TITLE

Why race is still a burning issue

AUTHOR(S)
Walton, Anthony
PUB. DATE
October 1996
SOURCE
U.S. Catholic;Oct96, Vol. 61 Issue 10, p6
SOURCE TYPE
Periodical
DOC. TYPE
Article
ABSTRACT
Discusses the implications of the increase in the number of the burnings of black and white churches in the United States on racism. Arguments on the rush to infer the existence of a nationwide terrorist conspiracy; Concerns on the critics' reaction to church burnings; Reflection of the lack of civil discussion on matters of race; Complexity of race issues.
ACCESSION #
9609281241

 

Related Articles

  • Civil rights commission says racial tensions high in states with church burnings.  // Jet;10/28/96, Vol. 90 Issue 24, p4 

    Concentrates on racial tensions in states where church burnings have occurred in 1996. The number of church burnings that have been solved with racial motives; Concern over the number of Afro-American churches burned in the southern United States.

  • Sunday Colors. Gilbreath, Edward // Christianity Today;5/21/2002, Vol. 46 Issue 6, p41 

    Reports that churches in Dallas, Texas continue to challenge the racial divide. Part of the problem with racism; View of Elliott Greene of Park Cities Presbyterian Church on the efforts like the ministry at his church.

  • Church Burnings.  // Scholastic News -- Edition 5/6;3/6/2006, Vol. 74 Issue 18, p2 

    The article reports on the burning of several Baptist churches in Alabama in March 2006. Federal and state investigators are searching for the people responsible for setting fire to several Baptist churches in communities throughout the state. The burning of churches recalls images in U.S....

  • Arsons and racism. Howell, Leon // Christian Century;8/14/96, Vol. 113 Issue 24, p772 

    Focuses on racism issues associated with the burning of black churches in the Southern States. Collective efforts of religious communities to rebuild the churches; Claims on the exaggeration in the ad placed by an ecumenical coalition in newspapers regarding the attacks; Racism as a driving...

  • "UNITY THAT SANCTIFIES DIVERSITY". COTTESLOE REVISITED. Van der Borght, E. // Acta Theologica;2011, Vol. 31 Issue 2, p315 

    The Cottesloe consultation (1960) is an important milestone in the ecumenical struggle against apartheid and racism in general. This article tries to find out whether the theological arguments developed within the ecumenical movement are solid enough to withstand the threat of divisions on the...

  • Seizing opportunity: Black churches burning to be equal. Daniels, Lee A. // New York Amsterdam News;7/20/96, Vol. 87 Issue 29, p11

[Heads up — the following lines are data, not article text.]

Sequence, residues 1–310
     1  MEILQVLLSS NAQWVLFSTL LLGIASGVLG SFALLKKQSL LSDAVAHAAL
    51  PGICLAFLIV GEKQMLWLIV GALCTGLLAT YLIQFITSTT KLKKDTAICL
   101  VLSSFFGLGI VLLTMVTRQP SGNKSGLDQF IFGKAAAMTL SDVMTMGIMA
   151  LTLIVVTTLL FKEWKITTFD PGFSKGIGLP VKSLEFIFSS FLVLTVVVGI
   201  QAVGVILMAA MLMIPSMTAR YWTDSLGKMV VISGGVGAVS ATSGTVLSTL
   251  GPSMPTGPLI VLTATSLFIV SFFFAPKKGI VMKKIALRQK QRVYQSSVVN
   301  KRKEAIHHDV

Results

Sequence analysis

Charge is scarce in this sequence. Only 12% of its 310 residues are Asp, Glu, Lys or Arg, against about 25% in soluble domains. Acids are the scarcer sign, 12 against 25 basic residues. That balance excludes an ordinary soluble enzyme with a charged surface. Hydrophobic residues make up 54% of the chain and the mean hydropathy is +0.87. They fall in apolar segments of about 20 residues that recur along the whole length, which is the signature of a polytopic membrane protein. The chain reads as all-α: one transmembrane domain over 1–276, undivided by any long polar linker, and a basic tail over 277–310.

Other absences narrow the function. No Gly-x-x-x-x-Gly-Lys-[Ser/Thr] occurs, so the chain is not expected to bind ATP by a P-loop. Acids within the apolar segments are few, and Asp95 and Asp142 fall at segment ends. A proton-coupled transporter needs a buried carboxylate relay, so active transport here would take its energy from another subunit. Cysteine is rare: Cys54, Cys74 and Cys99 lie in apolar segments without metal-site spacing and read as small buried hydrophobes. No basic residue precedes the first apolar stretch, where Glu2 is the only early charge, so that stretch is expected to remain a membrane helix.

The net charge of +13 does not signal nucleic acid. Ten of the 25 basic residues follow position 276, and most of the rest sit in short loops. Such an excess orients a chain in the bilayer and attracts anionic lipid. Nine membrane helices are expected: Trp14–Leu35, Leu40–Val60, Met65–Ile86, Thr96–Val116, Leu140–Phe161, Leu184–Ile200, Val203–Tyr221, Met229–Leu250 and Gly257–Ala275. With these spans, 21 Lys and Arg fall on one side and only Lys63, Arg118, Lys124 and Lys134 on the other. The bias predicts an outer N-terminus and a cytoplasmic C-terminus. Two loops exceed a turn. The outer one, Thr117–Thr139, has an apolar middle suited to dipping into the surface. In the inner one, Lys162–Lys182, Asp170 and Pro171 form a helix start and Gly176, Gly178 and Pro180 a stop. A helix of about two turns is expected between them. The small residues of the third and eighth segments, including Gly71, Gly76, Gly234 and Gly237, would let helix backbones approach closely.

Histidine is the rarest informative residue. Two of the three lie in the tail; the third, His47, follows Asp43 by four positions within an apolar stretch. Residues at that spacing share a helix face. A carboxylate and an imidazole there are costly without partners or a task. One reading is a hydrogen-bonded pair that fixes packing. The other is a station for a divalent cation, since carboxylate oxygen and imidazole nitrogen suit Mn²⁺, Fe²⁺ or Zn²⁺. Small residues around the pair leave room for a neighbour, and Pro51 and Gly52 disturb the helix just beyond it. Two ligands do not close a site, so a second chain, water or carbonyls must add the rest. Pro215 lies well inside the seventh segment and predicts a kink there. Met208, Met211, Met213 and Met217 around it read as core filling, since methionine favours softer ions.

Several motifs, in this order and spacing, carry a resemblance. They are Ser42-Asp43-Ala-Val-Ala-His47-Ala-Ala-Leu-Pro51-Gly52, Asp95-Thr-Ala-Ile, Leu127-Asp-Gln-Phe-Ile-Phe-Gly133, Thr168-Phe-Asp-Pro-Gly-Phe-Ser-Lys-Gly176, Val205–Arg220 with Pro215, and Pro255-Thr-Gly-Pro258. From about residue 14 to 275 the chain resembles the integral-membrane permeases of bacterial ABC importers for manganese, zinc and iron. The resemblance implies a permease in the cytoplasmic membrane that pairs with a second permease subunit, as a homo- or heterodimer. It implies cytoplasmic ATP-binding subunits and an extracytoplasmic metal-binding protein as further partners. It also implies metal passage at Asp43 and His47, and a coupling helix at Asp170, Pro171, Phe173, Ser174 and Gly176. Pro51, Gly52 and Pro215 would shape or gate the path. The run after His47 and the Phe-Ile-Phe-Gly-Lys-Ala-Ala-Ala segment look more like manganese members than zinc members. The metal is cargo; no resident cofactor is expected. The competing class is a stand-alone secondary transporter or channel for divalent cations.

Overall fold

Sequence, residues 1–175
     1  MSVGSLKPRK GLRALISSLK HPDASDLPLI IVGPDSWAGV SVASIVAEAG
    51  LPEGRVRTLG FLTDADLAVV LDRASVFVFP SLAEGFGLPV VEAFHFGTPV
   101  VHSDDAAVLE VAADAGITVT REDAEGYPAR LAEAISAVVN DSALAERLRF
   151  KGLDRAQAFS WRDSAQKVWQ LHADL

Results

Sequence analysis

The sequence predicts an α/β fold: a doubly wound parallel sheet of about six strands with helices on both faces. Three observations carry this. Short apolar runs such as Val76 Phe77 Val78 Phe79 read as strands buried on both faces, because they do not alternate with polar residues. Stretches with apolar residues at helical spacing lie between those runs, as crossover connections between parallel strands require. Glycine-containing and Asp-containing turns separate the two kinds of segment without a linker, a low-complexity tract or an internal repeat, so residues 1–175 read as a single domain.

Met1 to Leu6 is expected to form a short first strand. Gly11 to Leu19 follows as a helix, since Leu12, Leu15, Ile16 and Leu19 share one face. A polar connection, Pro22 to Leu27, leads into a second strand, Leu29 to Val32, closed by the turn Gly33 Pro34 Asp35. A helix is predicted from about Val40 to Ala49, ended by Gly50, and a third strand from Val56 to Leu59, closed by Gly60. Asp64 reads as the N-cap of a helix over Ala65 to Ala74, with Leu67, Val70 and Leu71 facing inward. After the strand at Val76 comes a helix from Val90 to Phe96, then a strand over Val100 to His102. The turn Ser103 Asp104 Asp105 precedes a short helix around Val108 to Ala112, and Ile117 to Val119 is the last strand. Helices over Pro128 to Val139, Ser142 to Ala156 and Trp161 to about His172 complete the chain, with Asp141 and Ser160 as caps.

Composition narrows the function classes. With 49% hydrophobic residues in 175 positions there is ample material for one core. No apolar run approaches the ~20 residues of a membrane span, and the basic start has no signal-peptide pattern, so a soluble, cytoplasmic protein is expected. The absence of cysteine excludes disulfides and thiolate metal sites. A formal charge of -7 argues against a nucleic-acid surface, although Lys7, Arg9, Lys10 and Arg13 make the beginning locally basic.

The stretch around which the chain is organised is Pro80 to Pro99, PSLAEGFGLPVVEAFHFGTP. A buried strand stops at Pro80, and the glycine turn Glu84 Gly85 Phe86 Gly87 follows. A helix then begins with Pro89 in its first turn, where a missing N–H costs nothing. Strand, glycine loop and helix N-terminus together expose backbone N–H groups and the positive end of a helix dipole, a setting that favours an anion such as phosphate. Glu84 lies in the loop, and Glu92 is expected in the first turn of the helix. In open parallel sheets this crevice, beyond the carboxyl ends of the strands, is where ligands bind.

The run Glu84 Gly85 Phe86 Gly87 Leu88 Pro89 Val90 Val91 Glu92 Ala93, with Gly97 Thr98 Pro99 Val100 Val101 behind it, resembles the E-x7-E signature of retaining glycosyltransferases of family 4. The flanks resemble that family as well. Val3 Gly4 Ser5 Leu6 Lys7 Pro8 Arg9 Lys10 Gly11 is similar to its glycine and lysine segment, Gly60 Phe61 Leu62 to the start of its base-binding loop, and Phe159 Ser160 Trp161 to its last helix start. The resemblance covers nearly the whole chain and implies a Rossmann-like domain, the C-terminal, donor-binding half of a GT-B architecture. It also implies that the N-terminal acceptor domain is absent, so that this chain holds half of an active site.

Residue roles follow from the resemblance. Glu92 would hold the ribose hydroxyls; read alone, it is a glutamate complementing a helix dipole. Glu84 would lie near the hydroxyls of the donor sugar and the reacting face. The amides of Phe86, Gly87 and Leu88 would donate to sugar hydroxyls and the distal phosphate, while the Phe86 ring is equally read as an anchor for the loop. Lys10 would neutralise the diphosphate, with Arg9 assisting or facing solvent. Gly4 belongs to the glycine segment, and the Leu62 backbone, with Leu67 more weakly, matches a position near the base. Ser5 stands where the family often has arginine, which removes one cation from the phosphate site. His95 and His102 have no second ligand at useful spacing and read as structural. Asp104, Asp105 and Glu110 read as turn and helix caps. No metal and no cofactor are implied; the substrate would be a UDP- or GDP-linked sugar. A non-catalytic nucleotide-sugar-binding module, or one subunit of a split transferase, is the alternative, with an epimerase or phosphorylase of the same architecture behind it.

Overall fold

Opinion. Calls for Americans to take the opportunity to stand against racism in the burning of black churches in the southern United States. Opportunity in the midst of difficulty; Need to behave decently; Praise for the efforts of President Bill Clinton's administration against the church...

  • Seizing opportunity: Black churches burning. Daniels, Lee A. // New York Amsterdam News;7/13/96, Vol. 87 Issue 28, p11 

    Opinion. Discusses the need for Americans to take the opportunity to stand against racism and stop the burning of black churches in the Southern States. Need for Americans to show their moral and financial support; Praise for President Bill Clinton's response to the church burning.

  • Williamsburg Church Bell Rings after 50 Years.  // American History;Apr2016, Vol. 51 Issue 1, p11 

    The article talks about the Let Freedom Ring project of the First Baptist Church in Colonial Williamsburg in Virginia in which the public is invited to ring the restored church bell, which was unfixed for more than half a century, as a call to faith and action in times of racial conflict.

  • TWICE BURNED. Henderson, Cinque // New Republic;8/05/96, Vol. 215 Issue 6, p9 

    Identifies the reasons behind the incidents of arson, particularly church burning, in the U.S. Reason for the burning of the Beulah Baptist Church in Hopkins, South Carolina; Link between racial enmity and church burning in the country; Implications for the civil rights leaders.

Share

Read the Article

Courtesy of THE LIBRARY OF VIRGINIA

Sorry, but this item is not currently available from your library.

Try another library?
Sign out of this library

Other Topics